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Trump Says Flat-Out that He Misled Reporters on Immigration: A Guide to Not Getting Duped Next Time

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After Trump's joint address, officials admit he'd misled reporters on immigration.
Gage Skidmore licensed under CC 2.0 https://creativecommons.org/licenses/by-sa/2.0/

Earlier this week, Donald Trump gave a joint address to Congress, and the pundit response before and after was, frankly, embarrassing. Yesterday, Media Matters and CNN confirmed what we’d all suspected about the whole saga: Trump deliberately misled reporters on immigration before the speech, and he had never truly intended to get moving on immigration reform.

Immigration Was A “Misdirection Play”

Here are the quotes from the CNN piece where they admit they were duped:

CNN WHITE HOUSE CORRESPONDENT SARA MURRAY: “Let’s just change gears entirely and talk about the bait and switch that the president pulled when it came to immigration yesterday. He had this meeting with the [news] anchors, he talked about a path to legal status.

Basically they fed us things that they thought these anchors would like, that they thought would give them positive press coverage for the next few hours. A senior administration official admitted that it was a misdirection play. And you will note that when the president was actually out there speaking to the American public, he didn’t talk about a path to legal status…

HOST JOHN KING: Maybe we shouldn’t believe what they say.

No kidding — especially when advocates and reporters familiar with the issue were screaming from the beginning that there was no reason to trust Trump on immigration.

A Timeline on How Trump Misled Reporters

It’s too easy in general to just bash the media, but frankly, we’re afraid this will all happen again the next time Trump feints toward immigration reform. So, here’s a quick recap on what not to do:

    • Before the joint address, a “senior administration official” — who was later revealed to be Trump himself — spoke with reporters off-the-record about how he was interested in potentially legalizing some immigrants. A number of commentators and advocates immediately warned that off-the-record rumors meant nothing in the face of Trump’s current deportation policies, but many outlets described Trump as seeking an immigration “compromise“.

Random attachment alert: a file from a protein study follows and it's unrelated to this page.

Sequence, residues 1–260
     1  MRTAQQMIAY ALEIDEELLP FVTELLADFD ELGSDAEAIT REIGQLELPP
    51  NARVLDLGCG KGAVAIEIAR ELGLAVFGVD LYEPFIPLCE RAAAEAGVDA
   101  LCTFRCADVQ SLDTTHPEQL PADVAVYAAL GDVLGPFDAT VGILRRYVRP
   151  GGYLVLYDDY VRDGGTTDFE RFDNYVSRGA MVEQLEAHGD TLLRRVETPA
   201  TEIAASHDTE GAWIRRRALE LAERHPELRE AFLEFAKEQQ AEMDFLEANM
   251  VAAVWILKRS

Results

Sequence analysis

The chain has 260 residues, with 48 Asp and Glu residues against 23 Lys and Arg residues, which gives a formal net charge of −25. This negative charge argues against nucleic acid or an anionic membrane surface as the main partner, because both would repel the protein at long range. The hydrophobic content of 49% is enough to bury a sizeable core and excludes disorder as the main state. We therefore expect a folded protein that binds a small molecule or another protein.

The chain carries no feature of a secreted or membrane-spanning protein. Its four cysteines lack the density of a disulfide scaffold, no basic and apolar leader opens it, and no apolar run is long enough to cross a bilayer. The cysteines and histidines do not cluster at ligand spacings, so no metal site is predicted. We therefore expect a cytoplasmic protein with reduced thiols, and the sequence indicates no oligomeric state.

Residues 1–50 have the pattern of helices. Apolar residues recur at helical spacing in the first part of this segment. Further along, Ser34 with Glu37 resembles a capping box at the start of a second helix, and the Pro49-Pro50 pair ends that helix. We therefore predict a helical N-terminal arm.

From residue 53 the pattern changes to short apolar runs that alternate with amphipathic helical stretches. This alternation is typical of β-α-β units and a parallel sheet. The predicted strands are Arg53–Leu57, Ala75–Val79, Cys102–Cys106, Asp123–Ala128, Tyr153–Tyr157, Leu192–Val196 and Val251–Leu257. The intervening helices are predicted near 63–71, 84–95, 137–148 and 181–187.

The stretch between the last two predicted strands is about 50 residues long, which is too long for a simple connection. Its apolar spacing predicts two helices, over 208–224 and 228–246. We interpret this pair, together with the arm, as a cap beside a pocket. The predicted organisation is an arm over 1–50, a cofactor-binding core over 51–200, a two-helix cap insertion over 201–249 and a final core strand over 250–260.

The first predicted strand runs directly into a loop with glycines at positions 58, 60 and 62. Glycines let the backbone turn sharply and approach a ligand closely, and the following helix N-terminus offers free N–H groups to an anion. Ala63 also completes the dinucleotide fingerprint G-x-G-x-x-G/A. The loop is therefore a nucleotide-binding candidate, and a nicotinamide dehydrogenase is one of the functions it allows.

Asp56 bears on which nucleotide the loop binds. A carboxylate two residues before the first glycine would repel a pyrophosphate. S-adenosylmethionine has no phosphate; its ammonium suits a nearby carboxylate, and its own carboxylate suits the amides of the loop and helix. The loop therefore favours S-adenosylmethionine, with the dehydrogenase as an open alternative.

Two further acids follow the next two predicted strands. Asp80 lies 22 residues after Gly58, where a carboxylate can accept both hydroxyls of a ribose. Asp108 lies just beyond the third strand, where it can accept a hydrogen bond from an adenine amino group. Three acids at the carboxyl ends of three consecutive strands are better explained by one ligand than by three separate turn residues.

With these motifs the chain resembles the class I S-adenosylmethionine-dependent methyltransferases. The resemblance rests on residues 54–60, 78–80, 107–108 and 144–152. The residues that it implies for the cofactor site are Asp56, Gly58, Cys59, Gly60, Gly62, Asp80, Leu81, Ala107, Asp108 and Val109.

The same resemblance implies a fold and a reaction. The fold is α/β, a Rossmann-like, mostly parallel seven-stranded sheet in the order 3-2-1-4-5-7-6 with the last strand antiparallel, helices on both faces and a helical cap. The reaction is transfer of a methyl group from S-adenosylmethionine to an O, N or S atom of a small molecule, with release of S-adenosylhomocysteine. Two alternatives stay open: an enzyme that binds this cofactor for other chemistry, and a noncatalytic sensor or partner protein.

• Trump gave the joint address, in which he said he wanted to curtail legal, family-based immigration, continued to paint all immigrants as takers and criminals, gave no policy details whatsoever, and completely ignored the question of the 11 million undocumented immigrants already here — whom his administration is apparently deporting indiscriminately. For this — for “nationalism with an indoor voice,” Trump was hailed as “Reaganesque”, “presidential”, and “powerful”. Give me a break.
    • The day after, some in the press were still lapping up the speech so much that even Trump administration officials were surprised the tone of the coverage:

Brian Beutler at the New Republic published a piece on why “the worst performance of Trump’s presidency now belongs to the press corps.” Jose Antonio Vargas, a former Washington Post reporter and now founder of Define American, reminded reporters at a press conference that they should be “operating in facts” and “wanting context” rather than simply buying “what Donald Trump was selling as a candidate, and now as president.”

Advocates, meanwhile, tried to explain why the joint address wasn’t any kind of pivot and why there was zero reason to believe Trump was softening at all on immigration. In fact, the very morning after Trump’s speech, a Mississippi DREAMer named Daniela Vargas was picked up by ICE immediately after she spoke out about her case in a press conference — the latest victim of Trump’s mass deportation agenda. And shortly thereafter, Media Matters published the aforementioned CNN piece with Trump officials openly admitting they’d misled reporters and basically trolled the media in order to get good press coverage.

So. Can we all come back to this page the next time Donald Trump says anything about immigration reform? Can we all agree that a guy who is deporting mothers who have been in the US for decades and DREAMers who just want to be math professors is, unfortunately, not ever going to be serious about meaningful immigration reform? Can we all remember that this is Donald “Grab Them By The P—-” Trump that we’re talking about? For next time?